(Reuters) – A California lawmaker has introduced a bill aimed at making PG&E Corp (PCG.N) a publicly owned utility, a year after liabilities from wildfires traced back to some of its equipment pushed the power producer into bankruptcy.

“Today I’m introducing legislation to force PG&E to become a publicly owned utility,” California State Senator Scott Wiener said on Monday, adding it was time for a new approach at the utility company.

“PG&E has failed. It’s failed on safety & reliability. PG&E has forfeited its privilege to operate as an investor-owned monopoly in California,” he said in a tweet bit.ly/2v317Ik.

The company said it opposed the bill from Wiener.

“PG&E’s facilities are not for sale,” a company spokesman told Reuters in an emailed statement.

“Changing the structure of the company would not create a safer or cleaner operation. Recent takeover attempts have largely failed due to a range of factors,” the spokesman said.

The power producer said on Saturday it had submitted an updated reorganization plan including a new board of directors and new roles aimed at addressing concerns raised by California Governor Gavin Newsom.

Newsom last month rejected an earlier PG&E reorganization plan saying it lacked major changes in governance and tougher safety enforcement mechanisms mandated under a recent state wildfire statute.

The company filed for Chapter 11 protection in January last year, citing potential liabilities in excess of $30 billion from deadly wildfires in 2017 and 2018 linked to its equipment.

Separately, it came under renewed criticism last year for precautionary power outages to guard against the risk of wildfires posed by extremely dry and windy weather.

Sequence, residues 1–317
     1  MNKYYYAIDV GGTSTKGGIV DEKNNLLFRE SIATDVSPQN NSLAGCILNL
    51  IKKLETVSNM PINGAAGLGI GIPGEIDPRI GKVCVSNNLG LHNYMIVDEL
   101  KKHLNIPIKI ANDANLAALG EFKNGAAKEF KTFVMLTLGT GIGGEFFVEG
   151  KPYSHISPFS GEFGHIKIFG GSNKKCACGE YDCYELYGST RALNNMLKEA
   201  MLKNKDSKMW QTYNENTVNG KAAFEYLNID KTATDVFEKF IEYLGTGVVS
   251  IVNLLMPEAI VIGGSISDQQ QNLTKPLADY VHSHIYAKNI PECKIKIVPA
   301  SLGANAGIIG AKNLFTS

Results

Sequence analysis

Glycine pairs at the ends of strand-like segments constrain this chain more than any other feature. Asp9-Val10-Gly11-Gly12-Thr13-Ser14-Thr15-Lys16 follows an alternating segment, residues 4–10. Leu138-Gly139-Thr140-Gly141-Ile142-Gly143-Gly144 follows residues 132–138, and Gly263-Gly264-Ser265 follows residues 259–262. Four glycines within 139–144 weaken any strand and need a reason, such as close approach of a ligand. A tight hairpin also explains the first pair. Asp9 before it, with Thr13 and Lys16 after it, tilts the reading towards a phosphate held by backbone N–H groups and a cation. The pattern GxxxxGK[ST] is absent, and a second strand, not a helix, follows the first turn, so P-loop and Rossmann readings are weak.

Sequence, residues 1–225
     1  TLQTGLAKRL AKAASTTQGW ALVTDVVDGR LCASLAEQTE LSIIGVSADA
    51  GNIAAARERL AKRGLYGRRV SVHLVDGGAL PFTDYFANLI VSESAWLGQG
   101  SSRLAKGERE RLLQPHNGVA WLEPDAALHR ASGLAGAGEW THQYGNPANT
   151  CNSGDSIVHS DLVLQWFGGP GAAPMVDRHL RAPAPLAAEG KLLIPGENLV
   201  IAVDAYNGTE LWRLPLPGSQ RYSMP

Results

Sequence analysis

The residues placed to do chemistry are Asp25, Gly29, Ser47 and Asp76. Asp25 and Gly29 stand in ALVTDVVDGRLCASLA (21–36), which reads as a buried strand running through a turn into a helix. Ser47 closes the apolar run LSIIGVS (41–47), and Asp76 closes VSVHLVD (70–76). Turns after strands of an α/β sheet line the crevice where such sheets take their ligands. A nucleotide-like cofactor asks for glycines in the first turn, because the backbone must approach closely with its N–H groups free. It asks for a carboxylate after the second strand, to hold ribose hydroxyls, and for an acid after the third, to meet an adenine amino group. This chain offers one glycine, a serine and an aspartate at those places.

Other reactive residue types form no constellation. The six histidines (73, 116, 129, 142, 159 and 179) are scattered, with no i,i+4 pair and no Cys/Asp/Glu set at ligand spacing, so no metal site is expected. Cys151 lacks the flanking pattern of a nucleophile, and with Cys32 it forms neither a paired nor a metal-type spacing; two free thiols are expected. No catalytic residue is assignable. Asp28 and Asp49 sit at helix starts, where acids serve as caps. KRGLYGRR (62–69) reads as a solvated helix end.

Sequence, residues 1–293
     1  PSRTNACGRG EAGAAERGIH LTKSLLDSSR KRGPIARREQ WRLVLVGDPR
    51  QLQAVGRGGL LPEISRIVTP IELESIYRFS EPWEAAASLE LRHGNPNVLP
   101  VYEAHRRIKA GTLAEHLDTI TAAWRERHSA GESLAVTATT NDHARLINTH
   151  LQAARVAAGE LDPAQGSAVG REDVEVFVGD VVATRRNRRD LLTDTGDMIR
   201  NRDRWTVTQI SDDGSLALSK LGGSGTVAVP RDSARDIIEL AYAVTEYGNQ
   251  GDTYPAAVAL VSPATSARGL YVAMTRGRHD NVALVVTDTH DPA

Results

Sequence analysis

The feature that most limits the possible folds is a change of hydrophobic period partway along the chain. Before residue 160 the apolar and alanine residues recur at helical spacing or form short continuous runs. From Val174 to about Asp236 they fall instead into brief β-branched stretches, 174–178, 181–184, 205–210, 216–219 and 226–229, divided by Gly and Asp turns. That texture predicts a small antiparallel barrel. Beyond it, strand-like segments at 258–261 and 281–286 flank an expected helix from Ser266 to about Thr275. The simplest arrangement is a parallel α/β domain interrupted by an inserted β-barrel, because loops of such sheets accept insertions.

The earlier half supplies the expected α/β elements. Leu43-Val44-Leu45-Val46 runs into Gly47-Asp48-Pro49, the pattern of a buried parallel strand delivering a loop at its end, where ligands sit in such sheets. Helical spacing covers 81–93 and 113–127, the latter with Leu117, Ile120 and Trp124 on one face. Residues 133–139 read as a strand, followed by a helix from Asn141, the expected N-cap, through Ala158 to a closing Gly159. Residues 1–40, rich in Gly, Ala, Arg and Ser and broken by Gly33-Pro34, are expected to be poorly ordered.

Reporting by Kanishka Singh in Bengaluru; Editing by Christopher Cushing

Source

Leave a Reply

Your email address will not be published. Required fields are marked *

You May Also Like

Ben Chu The government’s gamble on a V-shaped recovery is looking questionable

When sorrows come they come in battalions. And there was a double whammy of economic bad news for ministers on Tuesday – first from the disappointing GDP figures for May and second from the pessimistic fresh projections from the Office…

Coronavirus: Rush to develop rapid tests

If you are only coughing, that’s not enough. If you want to be tested for SARS-CoV-2, as a rule, you not only have to have symptoms, but you also have to have been in contact with someone who was infected.…

Huami banks on AI to consolidate wearables push

Huami Corp, the US-listed maker of smart wearables, has stepped up its push into artificial intelligence technologies by unveiling new chips and setting up an AI research institute. The company has inked a partnership deal with renowned Chinese respiratory expert…

Rural telecom networks would spend $1.8 billion to remove Huawei, ZTE equipment: FCC

WASHINGTON (Reuters) – U.S. rural telecommunications networks, which have relied on inexpensive equipment from Chinese’s Huawei Technologies Co [HWT.UL] and ZTE Corp (000063.SZ), have told the government that it would cost $1.837 billion to replace those switches and routers, the…